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Selective reporting and the social cost of carbon

Tomas Havranek (), Zuzana Irsova (), Karel Janda () and David Zilberman ()

Energy Economics, 2015, vol. 51, issue C, 394-406

Abstract: We examine potential selective reporting (publication bias) in the literature on the social cost of carbon (SCC) by conducting a meta-analysis of 809 estimates of the SCC reported in 101 studies. Our results indicate that estimates for which the 95% confidence interval includes zero are less likely to be reported than estimates excluding negative values of the SCC, which might create an upward bias in the literature. The evidence for selective reporting is stronger for studies published in peer-reviewed journals than for unpublished papers. We show that the findings are not driven by the asymmetry of the confidence intervals surrounding the SCC and are robust to controlling for various characteristics of study design and to alternative definitions of confidence intervals. Our estimates of the mean reported SCC corrected for the selective reporting bias range between USD 0 and 134 per ton of carbon at 2010 prices for emission year 2015.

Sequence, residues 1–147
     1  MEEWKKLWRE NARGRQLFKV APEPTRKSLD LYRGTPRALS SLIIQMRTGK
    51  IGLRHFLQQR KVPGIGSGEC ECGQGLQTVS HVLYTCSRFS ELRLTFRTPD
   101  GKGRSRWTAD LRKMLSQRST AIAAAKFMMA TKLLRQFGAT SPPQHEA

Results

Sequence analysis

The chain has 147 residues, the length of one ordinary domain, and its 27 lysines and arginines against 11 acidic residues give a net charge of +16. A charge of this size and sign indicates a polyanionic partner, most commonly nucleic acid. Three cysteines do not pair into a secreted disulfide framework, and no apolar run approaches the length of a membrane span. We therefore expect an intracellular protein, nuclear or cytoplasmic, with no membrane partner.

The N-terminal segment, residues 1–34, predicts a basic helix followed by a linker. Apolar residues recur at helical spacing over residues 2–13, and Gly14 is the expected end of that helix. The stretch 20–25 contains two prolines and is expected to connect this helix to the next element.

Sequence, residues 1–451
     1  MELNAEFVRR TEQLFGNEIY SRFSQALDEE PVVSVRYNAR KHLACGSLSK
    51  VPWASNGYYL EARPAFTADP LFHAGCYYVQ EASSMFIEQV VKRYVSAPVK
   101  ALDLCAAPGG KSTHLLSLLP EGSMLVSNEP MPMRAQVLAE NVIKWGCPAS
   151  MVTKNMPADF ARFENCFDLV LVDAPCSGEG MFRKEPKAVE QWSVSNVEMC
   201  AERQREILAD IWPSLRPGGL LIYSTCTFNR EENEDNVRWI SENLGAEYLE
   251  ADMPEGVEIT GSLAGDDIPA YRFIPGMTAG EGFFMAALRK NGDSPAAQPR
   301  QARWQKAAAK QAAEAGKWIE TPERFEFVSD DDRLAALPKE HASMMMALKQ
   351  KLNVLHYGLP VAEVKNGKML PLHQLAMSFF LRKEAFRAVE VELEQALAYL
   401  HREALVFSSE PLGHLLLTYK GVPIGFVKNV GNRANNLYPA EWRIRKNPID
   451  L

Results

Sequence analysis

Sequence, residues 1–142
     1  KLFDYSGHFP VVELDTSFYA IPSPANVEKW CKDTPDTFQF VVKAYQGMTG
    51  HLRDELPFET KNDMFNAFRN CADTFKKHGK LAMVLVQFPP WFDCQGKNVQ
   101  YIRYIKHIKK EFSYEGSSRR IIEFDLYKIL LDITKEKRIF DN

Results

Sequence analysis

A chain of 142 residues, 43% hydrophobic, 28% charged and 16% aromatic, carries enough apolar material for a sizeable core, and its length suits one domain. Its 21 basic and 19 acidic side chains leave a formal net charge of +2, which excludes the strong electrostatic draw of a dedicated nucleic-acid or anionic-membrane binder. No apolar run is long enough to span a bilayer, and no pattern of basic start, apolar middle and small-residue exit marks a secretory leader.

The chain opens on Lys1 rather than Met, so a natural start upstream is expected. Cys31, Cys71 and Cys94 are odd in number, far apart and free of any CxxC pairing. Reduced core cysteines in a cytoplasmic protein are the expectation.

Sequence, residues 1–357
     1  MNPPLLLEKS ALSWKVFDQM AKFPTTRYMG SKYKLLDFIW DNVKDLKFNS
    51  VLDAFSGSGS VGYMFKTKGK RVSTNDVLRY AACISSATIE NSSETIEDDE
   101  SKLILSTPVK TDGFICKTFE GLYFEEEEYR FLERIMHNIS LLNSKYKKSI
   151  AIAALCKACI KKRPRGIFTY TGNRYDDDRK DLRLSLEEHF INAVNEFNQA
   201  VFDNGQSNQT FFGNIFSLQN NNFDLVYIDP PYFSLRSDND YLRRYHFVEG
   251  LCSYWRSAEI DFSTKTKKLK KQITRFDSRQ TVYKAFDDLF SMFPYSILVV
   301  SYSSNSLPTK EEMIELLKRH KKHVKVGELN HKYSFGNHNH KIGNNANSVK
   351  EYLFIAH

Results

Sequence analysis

Keywords: Social cost of carbon; Climate policy; Integrated assessment models; Meta-analysis; Selective reporting; Publication bias (search for similar items in EconPapers)
JEL-codes: C83 Q54 (search for similar items in EconPapers)
Date: 2015
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Working Paper: Selective Reporting and the Social Cost of Carbon (2015) Downloads
Working Paper: Selective reporting and the social cost of carbon (2015) Downloads
Working Paper: Selective Reporting and the Social Cost of Carbon (2014) Downloads
Working Paper: Selective Reporting and the Social Cost of Carbon (2014) Downloads
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